I reach for a SpongeBob graham cracker, because they are there and they are good. Before having kids, SpongeBob graham crackers were never around.
Max and I read a book together about aliens. He's a good reader. He forgets to pause at periods and often goes so fast he loses his place, but for seven, he's amazing. The book wigs him out and, after we're done, he winds himself around me and stays that way for a long time.
I help in Claire's classroom Tuesday morning. For the first time, the Kindergarten teacher was unable to come in. Car trouble. The sub is a seventy-something woman, kind and energetic. A little terse in the way older, hard-of-hearing people can sometimes seem.
She is late and the kids are thrown off. Most of them rise to the occasion, helping the sub find her way. They are surprisingly knowledgable. One girl and one boy dissolve in tears. The boy, in particular, wants to wind himself around me the way Max did while reading the alien book.
I am sitting on the rug with the boy who is sad, and another boy, seemingly unaffected by the teacher's absence, wraps his hands around my head and pulls my ear to his mouth. "The miners are coming up today," he says. A few minutes later, he does it again. "Have you heard about the miners?"
The sad boy won't leave my side until, when it's time to go, another parent pries him from me. I kind of think Kindergarten classrooms need an emotional surrogate, to help ease kids from home to school. At least for the first few months.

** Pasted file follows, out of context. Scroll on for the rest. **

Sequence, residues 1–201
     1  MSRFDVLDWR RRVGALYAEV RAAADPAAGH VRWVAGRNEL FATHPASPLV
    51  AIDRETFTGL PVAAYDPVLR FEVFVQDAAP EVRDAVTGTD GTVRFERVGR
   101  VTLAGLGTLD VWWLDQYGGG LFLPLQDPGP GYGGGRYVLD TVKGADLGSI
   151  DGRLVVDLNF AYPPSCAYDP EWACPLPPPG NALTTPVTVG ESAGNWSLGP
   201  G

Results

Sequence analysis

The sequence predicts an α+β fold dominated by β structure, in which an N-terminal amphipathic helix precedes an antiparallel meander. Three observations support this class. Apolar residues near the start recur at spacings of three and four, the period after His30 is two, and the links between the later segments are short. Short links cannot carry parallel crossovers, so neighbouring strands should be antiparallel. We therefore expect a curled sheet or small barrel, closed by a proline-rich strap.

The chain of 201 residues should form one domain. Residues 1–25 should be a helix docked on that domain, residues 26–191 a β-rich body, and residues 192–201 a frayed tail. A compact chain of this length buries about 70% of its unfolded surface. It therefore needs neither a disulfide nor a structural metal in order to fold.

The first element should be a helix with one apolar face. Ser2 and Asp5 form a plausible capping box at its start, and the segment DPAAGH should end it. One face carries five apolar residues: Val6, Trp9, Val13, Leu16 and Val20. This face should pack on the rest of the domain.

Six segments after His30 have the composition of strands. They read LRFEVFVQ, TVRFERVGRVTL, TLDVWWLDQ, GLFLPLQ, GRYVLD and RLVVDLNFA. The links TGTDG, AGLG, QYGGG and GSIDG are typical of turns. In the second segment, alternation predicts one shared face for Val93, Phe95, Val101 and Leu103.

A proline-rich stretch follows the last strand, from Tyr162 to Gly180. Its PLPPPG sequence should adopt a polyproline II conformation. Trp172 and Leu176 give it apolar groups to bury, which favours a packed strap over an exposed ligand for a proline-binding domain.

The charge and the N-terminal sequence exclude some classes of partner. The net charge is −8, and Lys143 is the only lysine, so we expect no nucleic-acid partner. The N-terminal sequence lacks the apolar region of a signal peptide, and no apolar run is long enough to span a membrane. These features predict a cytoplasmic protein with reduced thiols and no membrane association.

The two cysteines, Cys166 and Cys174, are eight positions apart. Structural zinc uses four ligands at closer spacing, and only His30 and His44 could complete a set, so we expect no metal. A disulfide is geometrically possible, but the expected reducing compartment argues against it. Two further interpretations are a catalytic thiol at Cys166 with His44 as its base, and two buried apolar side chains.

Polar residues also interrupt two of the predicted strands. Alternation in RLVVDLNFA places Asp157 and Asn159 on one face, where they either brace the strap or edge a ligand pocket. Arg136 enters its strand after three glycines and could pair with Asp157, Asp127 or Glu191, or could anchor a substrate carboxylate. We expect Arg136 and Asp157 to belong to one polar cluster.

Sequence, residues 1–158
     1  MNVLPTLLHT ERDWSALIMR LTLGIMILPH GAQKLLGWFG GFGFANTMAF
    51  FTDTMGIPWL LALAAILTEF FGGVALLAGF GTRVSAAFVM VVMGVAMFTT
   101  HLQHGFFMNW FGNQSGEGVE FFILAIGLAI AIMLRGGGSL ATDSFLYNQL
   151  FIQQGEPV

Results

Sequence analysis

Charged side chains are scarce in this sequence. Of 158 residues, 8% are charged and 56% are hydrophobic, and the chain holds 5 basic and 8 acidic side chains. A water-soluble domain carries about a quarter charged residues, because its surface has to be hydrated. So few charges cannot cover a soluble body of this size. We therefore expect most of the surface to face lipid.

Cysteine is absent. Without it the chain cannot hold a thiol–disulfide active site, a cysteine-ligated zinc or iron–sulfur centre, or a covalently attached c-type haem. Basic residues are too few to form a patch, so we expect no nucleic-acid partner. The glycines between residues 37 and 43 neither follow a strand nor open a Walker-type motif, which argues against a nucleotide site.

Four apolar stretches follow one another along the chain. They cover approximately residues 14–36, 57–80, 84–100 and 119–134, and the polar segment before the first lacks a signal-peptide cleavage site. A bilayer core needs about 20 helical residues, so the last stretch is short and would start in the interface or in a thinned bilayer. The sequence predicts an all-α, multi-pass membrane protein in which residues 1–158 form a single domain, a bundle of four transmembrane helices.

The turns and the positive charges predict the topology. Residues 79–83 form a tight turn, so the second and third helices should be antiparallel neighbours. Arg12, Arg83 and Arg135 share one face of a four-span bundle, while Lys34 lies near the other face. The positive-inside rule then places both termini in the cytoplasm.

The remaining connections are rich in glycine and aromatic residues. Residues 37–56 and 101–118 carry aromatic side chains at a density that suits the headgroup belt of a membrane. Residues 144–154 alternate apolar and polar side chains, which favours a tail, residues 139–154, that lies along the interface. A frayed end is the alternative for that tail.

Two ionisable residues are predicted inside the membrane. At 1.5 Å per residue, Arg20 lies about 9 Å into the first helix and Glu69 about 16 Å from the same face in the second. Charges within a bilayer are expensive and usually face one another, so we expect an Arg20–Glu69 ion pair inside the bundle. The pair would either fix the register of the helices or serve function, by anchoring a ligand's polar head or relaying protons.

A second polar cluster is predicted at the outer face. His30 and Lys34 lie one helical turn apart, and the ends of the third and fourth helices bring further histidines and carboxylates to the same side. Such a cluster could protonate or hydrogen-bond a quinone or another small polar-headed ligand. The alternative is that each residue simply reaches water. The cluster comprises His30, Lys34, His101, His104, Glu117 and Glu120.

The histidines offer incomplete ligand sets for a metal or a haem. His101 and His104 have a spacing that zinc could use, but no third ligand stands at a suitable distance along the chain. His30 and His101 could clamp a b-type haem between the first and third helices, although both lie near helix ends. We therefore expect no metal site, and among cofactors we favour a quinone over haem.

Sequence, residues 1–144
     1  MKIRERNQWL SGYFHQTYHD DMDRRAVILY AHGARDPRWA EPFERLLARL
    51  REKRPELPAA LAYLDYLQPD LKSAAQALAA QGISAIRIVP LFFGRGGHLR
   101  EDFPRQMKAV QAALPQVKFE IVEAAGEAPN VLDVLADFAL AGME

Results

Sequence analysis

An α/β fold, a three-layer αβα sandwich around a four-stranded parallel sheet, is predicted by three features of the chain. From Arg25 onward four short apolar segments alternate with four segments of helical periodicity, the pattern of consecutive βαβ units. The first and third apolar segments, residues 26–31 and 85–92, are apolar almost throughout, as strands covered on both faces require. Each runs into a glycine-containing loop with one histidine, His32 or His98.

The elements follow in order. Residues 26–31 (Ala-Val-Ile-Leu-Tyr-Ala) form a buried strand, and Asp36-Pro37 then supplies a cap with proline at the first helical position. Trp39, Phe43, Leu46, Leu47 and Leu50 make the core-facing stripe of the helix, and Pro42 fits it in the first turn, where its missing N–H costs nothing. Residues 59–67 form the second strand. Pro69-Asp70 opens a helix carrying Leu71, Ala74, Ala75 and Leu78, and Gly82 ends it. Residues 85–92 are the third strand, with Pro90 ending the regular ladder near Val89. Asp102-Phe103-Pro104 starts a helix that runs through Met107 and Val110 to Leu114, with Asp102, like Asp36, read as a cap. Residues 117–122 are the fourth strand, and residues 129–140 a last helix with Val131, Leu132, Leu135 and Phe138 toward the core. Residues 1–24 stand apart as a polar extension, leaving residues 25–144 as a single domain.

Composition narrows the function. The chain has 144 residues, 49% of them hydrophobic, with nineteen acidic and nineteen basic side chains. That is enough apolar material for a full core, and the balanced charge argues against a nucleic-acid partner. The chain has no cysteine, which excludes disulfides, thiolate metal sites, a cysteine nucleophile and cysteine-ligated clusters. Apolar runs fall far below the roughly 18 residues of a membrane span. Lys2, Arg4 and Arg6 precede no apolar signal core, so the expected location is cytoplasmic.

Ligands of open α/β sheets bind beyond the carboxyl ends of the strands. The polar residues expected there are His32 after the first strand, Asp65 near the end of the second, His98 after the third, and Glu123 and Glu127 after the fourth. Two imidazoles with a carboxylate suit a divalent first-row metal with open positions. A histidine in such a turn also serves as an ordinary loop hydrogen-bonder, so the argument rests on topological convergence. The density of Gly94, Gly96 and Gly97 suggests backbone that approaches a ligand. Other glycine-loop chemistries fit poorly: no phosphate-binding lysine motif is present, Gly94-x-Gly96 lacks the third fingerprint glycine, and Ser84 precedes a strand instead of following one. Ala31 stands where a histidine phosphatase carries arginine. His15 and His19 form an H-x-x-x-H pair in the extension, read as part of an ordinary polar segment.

Claire, throughout the hour I was there, shot me and the sad boy the stink eye. She wanted to be the one sitting on my lap.
Later she tells me she wasn't giving us dirty looks, that she wants to help people who are sad. "I like to sing and help," she says. "Those are my favorite things."
She also likes to make sure everything in the house that remotely resembles a living being (stuffed animals, dolls, sock puppets) are in a state of constant, delirious coziness. Not a day goes by that I don't stumble upon a row of moppets covered to their chins with a blanket. And oh, how I love this.
Max overhears me telling his dad the story about the kid in Claire's class preoccupied with the Chilean miners. "What miners?" Max asks. It occurs to me we haven't shared this particular and amazing story of hope, and technical and logistical genius. So we do. And he's riveted. Just before the kids go to bed, the first miner emerges from the metal tube that brought him up from deep in the earth.
Max is moved. Very moved. He doesn't know how to articulate this, so says only, "I'm scared with happiness."
I think, How perfect. Me too, son. Me too.